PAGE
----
“[Boo] is among the most influential journalists writing about contemporary social conditions… Her extended profiles of individuals struggling at the invisible margins of society open a powerful journalistic window into the obstacles faced by many.”
—From the MacArthur Foundation Genius Grant Citation
Over 25 years as a journalist, Katherine Boo has established herself as a fearless, honest writer dedicated to telling the stories of the poor and disadvantaged on the pages of our most esteemed publications. A contributing writer for The New Yorker and a former reporter and editor for The Washington Post, she began her journalism career at the alternative weekly Washington City Paper, after which she worked as a writer and co-editor of Washington Monthly magazine. Over the years, Boo’s reporting from disadvantaged communities in the United States and abroad has earned her a Pulitzer Prize, a MacArthur Genius Grant, and a National Magazine Award for Feature Writing.
Boo continued her quest to give a voice to the voiceless with her New York Times bestselling book Behind the Beautiful Forevers, which was a finalist for the 2013 Pulitzer Prize and was adapted for the stage by the National Theatre. A landmark work of narrative nonfiction, it tells the dramatic and sometimes heartbreaking story of families striving toward a better life in Mumbai, one of the world’s great unequal cities. In this brilliantly written, fast-paced book, based on three years of uncompromising reporting, Boo illuminates a bewildering age of global change and inequality. Behind the Beautiful Forevers was one of 10 books President Obama recommended for future world leaders.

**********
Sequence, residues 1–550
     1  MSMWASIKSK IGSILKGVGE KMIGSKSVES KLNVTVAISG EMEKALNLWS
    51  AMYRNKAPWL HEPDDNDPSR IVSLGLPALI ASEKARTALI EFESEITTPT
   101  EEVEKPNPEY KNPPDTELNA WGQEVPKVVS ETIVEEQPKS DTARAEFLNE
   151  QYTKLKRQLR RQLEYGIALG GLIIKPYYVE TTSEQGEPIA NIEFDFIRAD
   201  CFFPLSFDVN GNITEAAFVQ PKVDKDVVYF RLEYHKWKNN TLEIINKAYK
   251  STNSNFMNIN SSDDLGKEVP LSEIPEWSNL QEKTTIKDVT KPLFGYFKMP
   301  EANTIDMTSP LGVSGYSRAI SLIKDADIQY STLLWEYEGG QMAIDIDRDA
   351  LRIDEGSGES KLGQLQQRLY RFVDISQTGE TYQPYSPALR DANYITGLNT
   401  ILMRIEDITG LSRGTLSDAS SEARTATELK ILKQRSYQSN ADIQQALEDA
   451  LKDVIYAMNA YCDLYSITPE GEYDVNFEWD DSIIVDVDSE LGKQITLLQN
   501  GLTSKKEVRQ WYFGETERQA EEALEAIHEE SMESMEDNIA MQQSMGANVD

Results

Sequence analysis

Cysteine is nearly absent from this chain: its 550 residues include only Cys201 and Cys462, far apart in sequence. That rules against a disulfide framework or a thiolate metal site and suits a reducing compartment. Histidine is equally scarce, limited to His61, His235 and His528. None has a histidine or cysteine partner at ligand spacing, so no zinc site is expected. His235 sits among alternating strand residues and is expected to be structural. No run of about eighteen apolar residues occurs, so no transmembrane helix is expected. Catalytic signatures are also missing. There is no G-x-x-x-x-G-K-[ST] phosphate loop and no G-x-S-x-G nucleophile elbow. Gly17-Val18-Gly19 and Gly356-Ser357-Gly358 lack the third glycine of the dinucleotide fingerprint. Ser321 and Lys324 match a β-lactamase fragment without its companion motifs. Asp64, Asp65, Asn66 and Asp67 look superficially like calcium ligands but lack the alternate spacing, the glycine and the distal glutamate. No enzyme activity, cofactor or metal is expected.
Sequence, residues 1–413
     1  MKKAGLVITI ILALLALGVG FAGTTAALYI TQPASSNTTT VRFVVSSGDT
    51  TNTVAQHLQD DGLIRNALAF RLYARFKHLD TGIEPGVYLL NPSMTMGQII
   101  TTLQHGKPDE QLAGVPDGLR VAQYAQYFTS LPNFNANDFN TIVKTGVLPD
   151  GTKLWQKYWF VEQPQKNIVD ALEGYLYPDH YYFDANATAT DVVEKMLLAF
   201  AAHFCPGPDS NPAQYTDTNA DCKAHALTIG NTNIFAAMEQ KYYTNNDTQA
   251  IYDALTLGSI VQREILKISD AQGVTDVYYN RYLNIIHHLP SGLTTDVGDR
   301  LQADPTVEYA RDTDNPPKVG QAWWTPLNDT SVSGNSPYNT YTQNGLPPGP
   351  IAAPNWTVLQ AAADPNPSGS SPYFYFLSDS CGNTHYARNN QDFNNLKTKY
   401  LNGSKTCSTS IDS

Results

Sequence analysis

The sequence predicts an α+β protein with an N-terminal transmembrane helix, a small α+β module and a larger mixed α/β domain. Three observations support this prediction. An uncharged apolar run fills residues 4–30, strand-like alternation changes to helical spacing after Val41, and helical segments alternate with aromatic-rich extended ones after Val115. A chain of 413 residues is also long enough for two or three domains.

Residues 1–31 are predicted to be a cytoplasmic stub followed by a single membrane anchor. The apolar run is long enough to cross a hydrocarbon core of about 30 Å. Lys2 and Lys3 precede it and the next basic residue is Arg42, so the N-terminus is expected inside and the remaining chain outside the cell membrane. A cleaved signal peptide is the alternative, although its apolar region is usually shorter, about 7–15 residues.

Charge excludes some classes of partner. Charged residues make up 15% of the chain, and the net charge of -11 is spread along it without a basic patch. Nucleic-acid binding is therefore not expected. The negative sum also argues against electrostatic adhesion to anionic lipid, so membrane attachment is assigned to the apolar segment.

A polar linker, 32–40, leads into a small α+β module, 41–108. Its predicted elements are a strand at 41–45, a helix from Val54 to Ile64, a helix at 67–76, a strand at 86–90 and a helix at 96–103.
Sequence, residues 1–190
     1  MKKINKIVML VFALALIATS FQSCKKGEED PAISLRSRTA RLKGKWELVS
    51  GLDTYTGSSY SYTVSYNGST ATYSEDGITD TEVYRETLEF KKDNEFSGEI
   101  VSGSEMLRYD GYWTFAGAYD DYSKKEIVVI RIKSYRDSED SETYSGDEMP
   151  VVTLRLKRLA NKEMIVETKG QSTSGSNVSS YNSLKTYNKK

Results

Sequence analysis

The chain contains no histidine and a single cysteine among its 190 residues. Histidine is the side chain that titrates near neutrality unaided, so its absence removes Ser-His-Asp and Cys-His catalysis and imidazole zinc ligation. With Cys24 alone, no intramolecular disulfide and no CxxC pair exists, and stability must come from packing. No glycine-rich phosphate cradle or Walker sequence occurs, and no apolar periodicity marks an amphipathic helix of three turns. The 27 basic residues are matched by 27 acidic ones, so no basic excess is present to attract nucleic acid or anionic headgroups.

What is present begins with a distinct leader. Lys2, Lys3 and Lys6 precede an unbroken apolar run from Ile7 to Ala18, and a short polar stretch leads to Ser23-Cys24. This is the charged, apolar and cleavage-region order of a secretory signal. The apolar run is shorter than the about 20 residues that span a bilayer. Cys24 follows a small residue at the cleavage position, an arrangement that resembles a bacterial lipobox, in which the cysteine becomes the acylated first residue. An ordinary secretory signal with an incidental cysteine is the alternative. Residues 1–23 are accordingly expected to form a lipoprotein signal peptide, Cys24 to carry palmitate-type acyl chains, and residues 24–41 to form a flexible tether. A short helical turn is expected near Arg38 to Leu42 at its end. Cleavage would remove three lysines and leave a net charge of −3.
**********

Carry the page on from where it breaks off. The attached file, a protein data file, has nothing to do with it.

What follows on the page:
“Boo brilliantly brings to life the residents of Annawadi, allowing the reader to know them and admire the fierce intelligence that allows them to survive in a world not made for them. The best book yet written on India in the throes of a brutal transition.”
—Kirkus (starred review)
The book details life in Annawadi, a makeshift settlement in the shadow of luxury hotels near the Mumbai airport, and its residents, who are electric with hope for a prosperous future. The narrative follows key residents: Abdul, a reflective and enterprising Muslim teenager, who sees “a fortune beyond counting” in the recyclable garbage that richer people throw away; Asha, a woman of formidable wit who has identified an alternate route to the middle class in the form of political corruption; and her sensitive, beautiful daughter—Annawadi’s “most-everything girl”—who is expected to become its first female college graduate. Even the poorest Annawadians believe they are inching closer to the good life—the times they call “the full enjoy.”
But then Abdul the garbage sorter is falsely accused in a shocking tragedy; terror and a global recession rock the city; and suppressed tensions over religion, caste, sex, power and economic envy turn brutal. As the tenderest individual hopes intersect with the greatest global truths, the true contours of a competitive age are revealed. And so, too, are the imaginations and courage of the people of Annawadi.
Boo is currently working on her next book, an exploration of social mobility in low-income families that draws on years of intimate reporting in African-American neighborhoods in Washington, DC.
For more information about Katherine Boo, please visit behindthebeautifulforevers.com.